The penalty “calculation is rather complicated,” Andrew Townsend, another Tax Act analyst, told the Daily Caller. “It’s not something people are going to be able to find on their return,” he said. “It is a totally separate calculation that they’ll be needing to do.”
Once they arrive at their penalty amount, many taxpayers may be shocked at how large it is. Many people are under the impression that the penalty for 2014 is $95, the figure most widely cited in the press. In actuality, however, the penalty is $95 or one percent of household income, whichever is higher — and it goes up significantly over the next two years, ending up at $695 or 2.5 percent of income. Online tax service TurboTax estimates that the average penalty for 2014 will be $301 — more than triple the most-advertised amount.
“People would hear the $95, quit listening, and make an assumption that that was what their penalty was going to be,” Chuck Lovelace, vice president of affordable care for Liberty Tax Service, told the Washington Times. “I think that a lot of people will be surprised when they get in there and find out that their penalty is [based] on their household income.”
The penalty is subtracted from any refund owed the taxpayer, but don’t think you’re off the hook if you owe it but aren’t getting a refund this year. “If you owe a penalty,” notes the Cheat Sheet, “the IRS will hold back the amount of the fee from any future tax refunds.” (Emphasis added.) In other words, if you want to escape the penalty forever, you’ll have to make sure you always underpay your taxes during the year.
ObamaCare really has made filing income-tax returns considerably more complicated and unpleasant. And don’t expect the IRS to be any help: Claiming its own hardship exemption due to a slight budget cut, the agency says it won’t answer most calls, will take a long time to answer those it does, and will answer only the most basic of questions.
The IRS is also refusing to assist low-income taxpayers in filing their returns, which could be a huge problem this year. A significant percentage of exchange enrollees signed up because they had incomes low enough to make them eligible for subsidies, and they are going to need help with their tax forms. Yet according to an H&R Block Tax Institute survey, 72 percent of lower-income respondents were unaware of the healthcare law’s tax-filing requirements.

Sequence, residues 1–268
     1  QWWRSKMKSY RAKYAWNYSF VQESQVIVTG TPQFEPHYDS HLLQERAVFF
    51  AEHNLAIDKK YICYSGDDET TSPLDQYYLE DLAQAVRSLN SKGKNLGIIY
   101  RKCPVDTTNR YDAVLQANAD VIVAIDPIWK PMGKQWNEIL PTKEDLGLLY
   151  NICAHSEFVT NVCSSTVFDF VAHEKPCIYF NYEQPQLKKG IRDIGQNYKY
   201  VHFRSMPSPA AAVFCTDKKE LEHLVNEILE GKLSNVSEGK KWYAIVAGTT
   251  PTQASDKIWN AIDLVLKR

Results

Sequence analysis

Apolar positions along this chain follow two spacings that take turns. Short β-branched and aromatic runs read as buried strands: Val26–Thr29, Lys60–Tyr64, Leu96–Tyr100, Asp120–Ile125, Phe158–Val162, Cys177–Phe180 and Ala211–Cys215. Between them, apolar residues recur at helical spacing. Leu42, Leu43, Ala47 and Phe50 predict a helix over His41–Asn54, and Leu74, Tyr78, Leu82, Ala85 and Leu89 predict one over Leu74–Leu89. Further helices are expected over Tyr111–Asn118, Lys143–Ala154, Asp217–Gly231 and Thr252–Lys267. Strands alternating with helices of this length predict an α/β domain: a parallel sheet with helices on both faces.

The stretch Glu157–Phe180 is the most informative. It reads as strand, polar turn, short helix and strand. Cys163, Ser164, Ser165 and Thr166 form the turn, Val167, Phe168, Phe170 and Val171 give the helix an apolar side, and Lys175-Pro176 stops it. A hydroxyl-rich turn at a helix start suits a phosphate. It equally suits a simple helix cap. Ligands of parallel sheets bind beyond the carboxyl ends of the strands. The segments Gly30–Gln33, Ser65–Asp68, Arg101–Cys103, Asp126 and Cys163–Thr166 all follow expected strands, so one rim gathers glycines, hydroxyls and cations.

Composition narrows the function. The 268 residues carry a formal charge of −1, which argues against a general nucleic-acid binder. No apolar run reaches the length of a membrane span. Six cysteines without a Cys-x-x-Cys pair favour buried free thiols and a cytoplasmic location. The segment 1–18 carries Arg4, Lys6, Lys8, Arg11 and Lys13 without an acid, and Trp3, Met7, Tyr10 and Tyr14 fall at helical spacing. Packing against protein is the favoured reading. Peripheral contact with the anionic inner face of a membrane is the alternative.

Former IRS commissioner Mark Everson told the Daily Caller that the new tax requirements will deliver “a shock to the system.”
“Low income filers are not used to itemizing and it will be a big challenge for them,” he said. “You’re introducing a whole new level of complexity.”
Turner likewise characterized the new requirements as “a nightmare,” saying, “People don’t even know that they have to comply with this law through their tax filing.”
All of this is bad news for taxpayers but good news for tax preparers. H&R Block expects about a fourth of its estimated 13.9 million retail-location clients to fill out one of the two new forms this year. At an estimated $5 to $30 charge per form, that means the company could pocket as much as $104 million on the strength of ObamaCare alone — possibly even more if the new requirements prompt more people to seek tax-preparation assistance. In other words, what ObamaCare has done for healthcare — make it less affordable — it has also done for tax preparation.